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Food Prices Rise In October

Food Price Index: October 2000

Food prices rose 0.3 per cent between September and October 2000 and are 2.9 per cent higher than in October 1999, according to Statistics New Zealand. Fresh fruit and vegetable price rises made the most significant contribution to this month's increase and there was a smaller upward contribution from restaurant meal and ready-to-eat food prices.

Prices of oranges, lettuces and apples were the leading drivers of the increase in the October Food Price Index. Fruit and vegetable prices (after removing normal seasonal change) rose 3.0 per cent after three successive monthly falls.

Falls occurred overall for meat, fish and poultry and for grocery food, soft drinks and confectionery prices.

Lower beef prices made the most significant contribution to the fall in overall meat, fish and poultry prices in October. Price falls were widespread with many more beef items going on special in October than the previous month. From September to October, beef and veal prices fell 2.0 per cent. This contrasts with a strong upward push from beef and lamb prices from April to September, reflecting increases in export prices.

Grocery food prices fell by 0.2 per cent in October following a rise of 0.5 per cent in September. Price falls for soft drinks in October made the most significant item contribution to the grocery food movement and also to the overall Food Price Index movement. Heavy in-store specialling occurred as a size change to larger bottles was introduced. If soft drink prices had remained unchanged from September to October, the overall Food Price Index would have increased 0.4 per cent and grocery food prices would have risen 0.1 per cent in October. Many grocery food items move considerably from month to month (often due to items moving on and off special). The proportion of items going 'on special' in October was significantly higher than the proportion which came 'off special'. Reports of recent increases in grocery food price items did not show through to a significant extent in the October collection of prices.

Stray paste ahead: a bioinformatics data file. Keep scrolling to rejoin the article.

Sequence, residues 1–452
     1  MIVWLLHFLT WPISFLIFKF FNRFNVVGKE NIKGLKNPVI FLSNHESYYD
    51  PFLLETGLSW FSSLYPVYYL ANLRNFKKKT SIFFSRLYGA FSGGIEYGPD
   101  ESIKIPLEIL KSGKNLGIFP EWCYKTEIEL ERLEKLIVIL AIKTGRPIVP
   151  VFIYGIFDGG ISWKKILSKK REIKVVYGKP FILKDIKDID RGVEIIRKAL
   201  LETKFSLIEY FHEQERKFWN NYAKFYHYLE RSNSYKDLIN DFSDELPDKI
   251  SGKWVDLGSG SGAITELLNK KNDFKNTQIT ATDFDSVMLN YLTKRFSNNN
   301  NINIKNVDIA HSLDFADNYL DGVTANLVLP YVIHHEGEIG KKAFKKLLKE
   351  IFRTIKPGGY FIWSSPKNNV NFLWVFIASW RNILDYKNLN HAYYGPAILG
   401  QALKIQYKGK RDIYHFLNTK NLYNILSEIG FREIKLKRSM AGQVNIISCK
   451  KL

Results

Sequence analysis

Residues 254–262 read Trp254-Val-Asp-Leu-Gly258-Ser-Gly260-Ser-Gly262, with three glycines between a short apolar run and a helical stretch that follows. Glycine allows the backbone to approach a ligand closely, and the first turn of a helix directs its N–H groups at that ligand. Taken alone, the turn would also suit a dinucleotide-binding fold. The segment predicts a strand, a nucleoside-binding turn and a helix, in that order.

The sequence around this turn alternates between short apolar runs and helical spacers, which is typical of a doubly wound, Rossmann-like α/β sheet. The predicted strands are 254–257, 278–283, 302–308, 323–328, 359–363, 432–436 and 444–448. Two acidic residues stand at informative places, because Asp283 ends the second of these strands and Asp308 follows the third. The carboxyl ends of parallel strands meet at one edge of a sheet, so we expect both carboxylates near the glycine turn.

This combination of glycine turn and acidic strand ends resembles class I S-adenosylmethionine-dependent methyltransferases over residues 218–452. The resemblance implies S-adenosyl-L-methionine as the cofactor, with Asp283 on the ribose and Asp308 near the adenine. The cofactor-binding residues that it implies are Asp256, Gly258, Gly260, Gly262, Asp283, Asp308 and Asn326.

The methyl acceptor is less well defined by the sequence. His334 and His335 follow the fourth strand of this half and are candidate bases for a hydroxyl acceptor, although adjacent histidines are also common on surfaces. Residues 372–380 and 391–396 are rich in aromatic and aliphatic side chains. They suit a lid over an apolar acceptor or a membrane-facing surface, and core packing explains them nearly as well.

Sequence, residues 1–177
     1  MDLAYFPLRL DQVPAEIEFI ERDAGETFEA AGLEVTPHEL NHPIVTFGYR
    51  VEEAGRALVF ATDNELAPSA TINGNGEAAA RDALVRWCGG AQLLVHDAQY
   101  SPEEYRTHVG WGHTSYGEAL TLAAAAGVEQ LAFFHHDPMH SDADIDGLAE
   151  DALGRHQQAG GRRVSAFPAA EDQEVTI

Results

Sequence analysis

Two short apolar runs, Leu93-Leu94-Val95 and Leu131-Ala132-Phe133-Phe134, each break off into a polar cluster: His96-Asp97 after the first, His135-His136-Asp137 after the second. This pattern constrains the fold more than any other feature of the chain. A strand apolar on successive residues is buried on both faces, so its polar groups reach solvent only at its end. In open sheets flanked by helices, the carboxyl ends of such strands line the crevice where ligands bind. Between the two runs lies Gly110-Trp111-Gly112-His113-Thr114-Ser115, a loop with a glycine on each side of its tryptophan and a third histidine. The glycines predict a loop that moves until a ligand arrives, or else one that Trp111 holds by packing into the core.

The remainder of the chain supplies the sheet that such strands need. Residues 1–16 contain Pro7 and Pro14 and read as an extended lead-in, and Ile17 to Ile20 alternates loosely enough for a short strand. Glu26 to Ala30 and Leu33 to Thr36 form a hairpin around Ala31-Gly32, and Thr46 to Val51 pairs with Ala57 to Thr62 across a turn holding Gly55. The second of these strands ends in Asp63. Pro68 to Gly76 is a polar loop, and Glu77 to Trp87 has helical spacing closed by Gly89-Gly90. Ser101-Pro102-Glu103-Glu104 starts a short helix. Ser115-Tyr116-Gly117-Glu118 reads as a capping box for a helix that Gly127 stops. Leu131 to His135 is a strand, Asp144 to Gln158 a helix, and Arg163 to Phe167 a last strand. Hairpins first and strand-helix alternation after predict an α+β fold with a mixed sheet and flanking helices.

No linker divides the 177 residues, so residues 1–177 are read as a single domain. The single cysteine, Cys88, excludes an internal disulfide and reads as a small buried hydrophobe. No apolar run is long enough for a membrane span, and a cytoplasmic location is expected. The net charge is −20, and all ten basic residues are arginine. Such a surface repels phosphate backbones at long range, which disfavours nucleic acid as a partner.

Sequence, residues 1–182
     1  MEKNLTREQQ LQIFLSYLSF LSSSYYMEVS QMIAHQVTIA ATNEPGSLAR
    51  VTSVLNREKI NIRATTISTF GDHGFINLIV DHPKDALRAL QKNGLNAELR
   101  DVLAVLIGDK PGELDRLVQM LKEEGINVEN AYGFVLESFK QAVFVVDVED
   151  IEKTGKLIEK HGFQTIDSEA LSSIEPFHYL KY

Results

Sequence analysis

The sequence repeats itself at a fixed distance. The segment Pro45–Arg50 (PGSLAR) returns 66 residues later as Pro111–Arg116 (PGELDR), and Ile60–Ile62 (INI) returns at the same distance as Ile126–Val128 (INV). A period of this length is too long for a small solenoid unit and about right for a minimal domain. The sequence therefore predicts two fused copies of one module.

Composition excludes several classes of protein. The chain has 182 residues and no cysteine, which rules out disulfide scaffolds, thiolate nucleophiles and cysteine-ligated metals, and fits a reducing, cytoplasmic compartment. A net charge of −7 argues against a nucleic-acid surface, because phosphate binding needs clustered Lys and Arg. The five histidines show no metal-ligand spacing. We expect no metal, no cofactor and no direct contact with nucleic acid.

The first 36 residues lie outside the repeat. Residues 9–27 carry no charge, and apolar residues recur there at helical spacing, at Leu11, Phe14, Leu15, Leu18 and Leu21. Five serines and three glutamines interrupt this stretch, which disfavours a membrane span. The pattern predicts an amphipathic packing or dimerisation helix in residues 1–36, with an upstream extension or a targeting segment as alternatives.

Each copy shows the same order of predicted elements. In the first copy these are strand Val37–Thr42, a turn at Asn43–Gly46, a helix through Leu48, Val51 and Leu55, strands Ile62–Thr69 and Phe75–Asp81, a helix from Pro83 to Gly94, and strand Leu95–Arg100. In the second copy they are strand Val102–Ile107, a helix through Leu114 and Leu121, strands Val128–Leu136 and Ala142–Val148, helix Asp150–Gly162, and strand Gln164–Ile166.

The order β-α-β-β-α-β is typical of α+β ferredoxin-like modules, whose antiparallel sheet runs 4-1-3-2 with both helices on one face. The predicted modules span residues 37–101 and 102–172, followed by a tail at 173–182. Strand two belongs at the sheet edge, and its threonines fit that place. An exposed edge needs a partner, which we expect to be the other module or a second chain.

On average, food prices have risen 0.3 per cent per month in 2000 after remaining flat in 1999. Fruit and vegetable prices are 10.8 per cent higher than October 1999, meat, fish and poultry prices are up 5.2 percent and grocery food prices are up 0.4 per cent.

Ian Ewing



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